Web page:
Financial Markets and Twentieth Century Industrialization: Evidence From U.S. and Canadian Steel Producers
AbstractDespite the diverse and developed nature of twentieth century U.S. and Canadian financial markets, the history of both economies is replete with claims of inefficiency and inadequacy among financial intermediaries, particularly the banking sectors. In Canada it has been argued that banks were oligopolistic and favoured an entrenched merchant class over industrialists. In the U.S. the unit banking system has been perceived as unstable and of an inefficiently small scale. This paper examines the experiences of a set of firms from a large and economically important manufacturing industry; primary steel production; in an effort to determine the impact differences in macro financial markets have had on micro financial decision making. We find statistically significant, but not necessarily economically important, relationships among national capital market characteristics, firms' financing decisions, and firms' capital costs.
Download InfoIf you experience problems downloading a file, check if you have the proper application to view it first. In case of further problems read the IDEAS help page. Note that these files are not on the IDEAS site. Please be patient as the files may be large.
Bibliographic InfoPaper provided by Queen's University, Department of Economics in its series Working Papers with number 1003.
Length: 33 pages
Date of creation: Jan 2002
Date of revision:
North American Industrialization; Capital Market Development; Financial Intermediation;
Find related papers by JEL classification:
- N42 - Economic History - - Government, War, Law, International Relations, and Regulation - - - U.S.; Canada: 1913-
- N62 - Economic History - - Manufacturing and Construction - - - U.S.; Canada: 1913-
- G32 - Financial Economics - - Corporate Finance and Governance - - - Financing Policy; Financial Risk and Risk Management; Capital and Ownership Structure; Value of Firms; Goodwill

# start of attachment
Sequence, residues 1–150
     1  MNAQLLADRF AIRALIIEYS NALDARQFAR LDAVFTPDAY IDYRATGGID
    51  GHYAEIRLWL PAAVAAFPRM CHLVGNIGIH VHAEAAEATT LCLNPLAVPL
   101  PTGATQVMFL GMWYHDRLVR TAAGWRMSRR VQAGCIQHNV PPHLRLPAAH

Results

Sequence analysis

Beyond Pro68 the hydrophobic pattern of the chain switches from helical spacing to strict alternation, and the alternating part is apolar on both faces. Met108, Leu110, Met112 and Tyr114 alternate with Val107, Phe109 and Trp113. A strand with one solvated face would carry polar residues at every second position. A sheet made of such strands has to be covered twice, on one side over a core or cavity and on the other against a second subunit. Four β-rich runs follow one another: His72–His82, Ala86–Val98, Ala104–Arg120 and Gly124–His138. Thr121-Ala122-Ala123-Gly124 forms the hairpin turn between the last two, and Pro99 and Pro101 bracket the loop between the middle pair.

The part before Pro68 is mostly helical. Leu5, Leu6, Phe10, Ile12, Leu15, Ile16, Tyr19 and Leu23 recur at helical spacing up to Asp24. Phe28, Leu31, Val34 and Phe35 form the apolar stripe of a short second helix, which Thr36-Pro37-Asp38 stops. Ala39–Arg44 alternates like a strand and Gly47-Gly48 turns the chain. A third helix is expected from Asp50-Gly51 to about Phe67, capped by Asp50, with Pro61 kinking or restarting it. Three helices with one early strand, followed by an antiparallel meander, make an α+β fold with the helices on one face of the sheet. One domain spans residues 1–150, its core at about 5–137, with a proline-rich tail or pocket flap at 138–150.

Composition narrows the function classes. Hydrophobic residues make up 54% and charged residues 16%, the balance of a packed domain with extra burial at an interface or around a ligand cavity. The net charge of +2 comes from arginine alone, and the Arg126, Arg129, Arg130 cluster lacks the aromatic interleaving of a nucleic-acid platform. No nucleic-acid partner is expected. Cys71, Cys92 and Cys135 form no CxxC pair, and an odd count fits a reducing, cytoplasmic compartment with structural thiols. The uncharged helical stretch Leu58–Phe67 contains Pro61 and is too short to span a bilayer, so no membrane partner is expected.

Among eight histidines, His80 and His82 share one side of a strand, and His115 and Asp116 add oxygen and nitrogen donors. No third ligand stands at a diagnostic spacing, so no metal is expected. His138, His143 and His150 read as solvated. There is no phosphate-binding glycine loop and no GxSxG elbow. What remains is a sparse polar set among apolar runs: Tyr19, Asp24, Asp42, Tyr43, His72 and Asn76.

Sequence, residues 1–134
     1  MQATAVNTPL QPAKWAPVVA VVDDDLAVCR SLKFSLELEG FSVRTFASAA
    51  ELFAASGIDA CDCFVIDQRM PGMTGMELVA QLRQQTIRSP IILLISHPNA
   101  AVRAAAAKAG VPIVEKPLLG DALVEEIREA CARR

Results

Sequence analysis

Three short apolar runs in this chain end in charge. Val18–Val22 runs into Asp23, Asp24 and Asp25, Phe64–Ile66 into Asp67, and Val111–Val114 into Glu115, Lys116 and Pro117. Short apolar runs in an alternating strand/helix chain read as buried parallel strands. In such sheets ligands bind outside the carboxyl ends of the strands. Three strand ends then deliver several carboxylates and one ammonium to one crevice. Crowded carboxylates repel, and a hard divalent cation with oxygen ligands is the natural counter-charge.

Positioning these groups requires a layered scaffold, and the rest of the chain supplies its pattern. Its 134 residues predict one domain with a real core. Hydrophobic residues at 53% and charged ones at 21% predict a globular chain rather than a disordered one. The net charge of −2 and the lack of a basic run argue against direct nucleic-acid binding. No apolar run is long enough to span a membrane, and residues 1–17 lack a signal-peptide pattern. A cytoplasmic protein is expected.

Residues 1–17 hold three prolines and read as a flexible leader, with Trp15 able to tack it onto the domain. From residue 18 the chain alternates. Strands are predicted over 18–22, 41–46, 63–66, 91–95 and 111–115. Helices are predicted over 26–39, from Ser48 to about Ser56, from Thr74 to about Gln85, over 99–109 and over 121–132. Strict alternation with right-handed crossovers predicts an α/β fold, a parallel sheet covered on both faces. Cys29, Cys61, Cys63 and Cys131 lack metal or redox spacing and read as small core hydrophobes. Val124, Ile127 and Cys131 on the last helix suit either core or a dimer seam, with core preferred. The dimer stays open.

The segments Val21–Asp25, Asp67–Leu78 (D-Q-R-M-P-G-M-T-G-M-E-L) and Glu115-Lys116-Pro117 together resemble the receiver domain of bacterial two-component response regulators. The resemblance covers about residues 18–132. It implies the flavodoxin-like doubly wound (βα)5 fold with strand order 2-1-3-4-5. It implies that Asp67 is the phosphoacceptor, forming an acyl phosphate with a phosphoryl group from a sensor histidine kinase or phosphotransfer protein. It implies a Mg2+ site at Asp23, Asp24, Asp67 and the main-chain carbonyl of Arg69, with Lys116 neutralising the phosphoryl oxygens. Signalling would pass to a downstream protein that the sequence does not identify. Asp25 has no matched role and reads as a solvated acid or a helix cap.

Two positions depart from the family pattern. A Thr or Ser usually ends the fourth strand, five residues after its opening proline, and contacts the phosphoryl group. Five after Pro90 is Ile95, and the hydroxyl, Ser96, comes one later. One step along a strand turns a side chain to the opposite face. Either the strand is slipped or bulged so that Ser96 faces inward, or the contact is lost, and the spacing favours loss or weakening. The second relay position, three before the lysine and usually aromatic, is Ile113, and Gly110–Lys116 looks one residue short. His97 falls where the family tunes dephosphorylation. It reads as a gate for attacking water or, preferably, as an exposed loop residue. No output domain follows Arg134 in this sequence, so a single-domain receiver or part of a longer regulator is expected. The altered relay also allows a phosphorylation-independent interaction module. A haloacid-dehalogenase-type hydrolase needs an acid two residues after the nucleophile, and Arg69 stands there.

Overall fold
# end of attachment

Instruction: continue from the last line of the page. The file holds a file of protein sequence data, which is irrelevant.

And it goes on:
Please report citation or reference errors to , or , if you are the registered author of the cited work, log in to your RePEc Author Service profile, click on "citations" and make appropriate adjustments.:
- Joseph E. Stiglitz, 1967.
"A Re-Examination of the Modigliani Miller Theorem,"
Cowles Foundation Discussion Papers
242, Cowles Foundation for Research in Economics, Yale University.
- Kraus, Alan & Litzenberger, Robert H, 1973. "A State-Preference Model of Optimal Financial Leverage," Journal of Finance, American Finance Association, vol. 28(4), pages 911-22, September.
- King, Robert G & Levine, Ross, 1993.
"Finance and Growth: Schumpeter Might Be Right,"
The Quarterly Journal of Economics,
MIT Press, vol. 108(3), pages 717-37, August.
- Bernanke, Ben S, 1983.
"Nonmonetary Effects of the Financial Crisis in Propagation of the Great Depression,"
American Economic Review,
American Economic Association, vol. 73(3), pages 257-76, June.
- Ben S. Bernanke, 1983. "Non-Monetary Effects of the Financial Crisis in the Propagation of the Great Depression," NBER Working Papers 1054, National Bureau of Economic Research, Inc.
- Fohlin, Caroline., 2000. "Economic, Political, and Legal Factors in Financial System Development: International Patterns in Historical Perspective"," Working Papers 1089, California Institute of Technology, Division of the Humanities and Social Sciences.
- Rousseau, Peter L & Wachtel, Paul, 1998. "Financial Intermediation and Economic Performance: Historical Evidence from Five Industrialized Countries," Journal of Money, Credit and Banking, Blackwell Publishing, vol. 30(4), pages 657-78, November.
For technical questions regarding this item, or to correct its authors, title, abstract, bibliographic or download information, contact: (Mark Babcock).
If references are entirely missing, you can add them using this form.